Board members: Auburn has had to cut upwards of 80 teaching jobs in recent years
– By Josh Durso
It wouldn’t be a stretch to call the Auburn Enlarged City School District’s financial situation a crisis. Officials in the district are working hard to maintain adequate levels of staff, without hurting taxpayers, and fulfilling obligations laid out by New York State.
Auburn schools have seen a slight increase in enrollment. In fact, a 2019 report published by FingerLakes1.com found that they were one of just three districts in the region that saw an increase in enrollment. That increase though hasn’t come with more staff. It hasn’t even come with maintained staff levels.
Board of Education member Ian Phillips says the district has had to cut 20% of its manpower. That translates to about 80 teaching jobs over several years. “Teaching is incredibly difficult — particularly when you’re talking about reading and writing — and cuts have made it increasingly difficult to teach effectively,” Philips said in a recent conversation on the Inside the FLX podcast. “You’re looking for that spark, that light bulb moment,” he continued. “And that takes a long time to develop.”
The Auburn Enlarged City School District is owed nearly $6.5 million. Each legislative session, students, faculty, and board members have boarded a bus — and made the trip to Albany. The hope being to equalize funding for these smaller, urban districts that are facing significant shortfalls. However, it’s a fight on behalf of a lot of districts across the region.
Board of Education Vice President Joe Sheppard says Auburn isn’t alone. Geneva, Seneca Falls, Elmira, and many others are staring down shortfalls in funding that rank in the millions.
“It makes every aspect of running a district a challenge,” Sheppard said. He spoke to the necessities of funding support staff — like social workers — and even maintenance staff inside schools. “Our class sizes have been growing significantly over the last several years because of the cuts to teachers,” he continued. “When Ian and I were in school class sizes were around 18 or 19. Now they’re approaching 27, and could go higher.”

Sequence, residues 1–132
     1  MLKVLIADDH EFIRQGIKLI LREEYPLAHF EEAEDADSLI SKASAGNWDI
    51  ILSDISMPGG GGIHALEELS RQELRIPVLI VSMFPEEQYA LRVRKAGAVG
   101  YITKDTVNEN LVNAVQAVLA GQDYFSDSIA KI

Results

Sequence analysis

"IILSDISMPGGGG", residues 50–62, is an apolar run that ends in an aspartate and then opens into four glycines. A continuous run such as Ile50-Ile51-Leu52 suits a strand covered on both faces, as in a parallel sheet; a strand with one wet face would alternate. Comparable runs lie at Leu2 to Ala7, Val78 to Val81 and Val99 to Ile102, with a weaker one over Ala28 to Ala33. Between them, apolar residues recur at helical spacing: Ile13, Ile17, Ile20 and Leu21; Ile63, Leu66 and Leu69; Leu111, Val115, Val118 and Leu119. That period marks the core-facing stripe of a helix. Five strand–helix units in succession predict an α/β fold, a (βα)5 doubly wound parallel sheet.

If not inside the classroom, the place where the district has felt the budget shortfall most-intensely is in support services. Auburn serves as the epicenter for services provided to residents in Cayuga County, so there is a natural need for more services inside schools. Social work is one of these flashpoints. “We have one caseworker for 2,500 students,” Sheppard said. That person is responsible for the entirety of the district’s five elementary schools. “The state suggests that caseload be capped at 500 per worker.”
It’s a complicated problem that officials, teachers, and board members feel unheard. Despite their best efforts, and repeated trips to Albany — little change has happened in recent years. Phillips says a tax increase on the ultra-wealthy is an option for the state. But he’s not confident it will happen.
“Elected officials say they’re not voting for tax increases, but they’re just asking us to raise taxes instead,” he added. “It’s not working. The implications for New York State in terms of creating jobs and good, stable communities are significant. We have to invest in our schools if we want to grow.”
Both took issue with the fact that even though elected leaders in Albany say they’re not raising taxes, taxes are then forced to be elevated at the local level — as state mandates and expectations grow exponentially. It’s a condition that’s only worsened by need.
“We’re at a loss and we need New York State and elected officials across New York to understand that the funding model needs work,” Sheppard added. “We need to see the funding. Our schools have become so much more than just places where students learn. They’re where students are receiving services that they can’t get anywhere else, but need.”
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